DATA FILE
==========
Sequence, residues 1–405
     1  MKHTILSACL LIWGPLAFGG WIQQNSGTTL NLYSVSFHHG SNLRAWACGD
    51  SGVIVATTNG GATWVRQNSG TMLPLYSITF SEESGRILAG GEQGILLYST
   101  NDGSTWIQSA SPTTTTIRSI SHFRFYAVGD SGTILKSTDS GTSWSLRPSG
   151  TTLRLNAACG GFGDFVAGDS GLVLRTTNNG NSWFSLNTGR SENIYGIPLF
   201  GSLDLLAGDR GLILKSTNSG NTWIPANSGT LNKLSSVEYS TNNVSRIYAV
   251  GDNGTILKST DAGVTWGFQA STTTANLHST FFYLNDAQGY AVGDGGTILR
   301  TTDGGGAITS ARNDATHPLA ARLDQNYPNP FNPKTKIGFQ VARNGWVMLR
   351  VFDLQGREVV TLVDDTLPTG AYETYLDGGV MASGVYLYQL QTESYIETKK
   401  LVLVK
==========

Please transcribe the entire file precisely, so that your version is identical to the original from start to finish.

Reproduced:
Sequence, residues 1–405
     1  MKHTILSACL LIWGPLAFGG WIQQNSGTTL NLYSVSFHHG SNLRAWACGD
    51  SGVIVATTNG GATWVRQNSG TMLPLYSITF SEESGRILAG GEQGILLYST
   101  NDGSTWIQSA SPTTTTIRSI SHFRFYAVGD SGTILKSTDS GTSWSLRPSG
   151  TTLRLNAACG GFGDFVAGDS GLVLRTTNNG NSWFSLNTGR SENIYGIPLF
   201  GSLDLLAGDR GLILKSTNSG NTWIPANSGT LNKLSSVEYS TNNVSRIYAV
   251  GDNGTILKST DAGVTWGFQA STTTANLHST FFYLNDAQGY AVGDGGTILR
   301  TTDGGGAITS ARNDATHPLA ARLDQNYPNP FNPKTKIGFQ VARNGWVMLR
   351  VFDLQGREVV TLVDDTLPTG AYETYLDGGV MASGVYLYQL QTESYIETKK
   401  LVLVK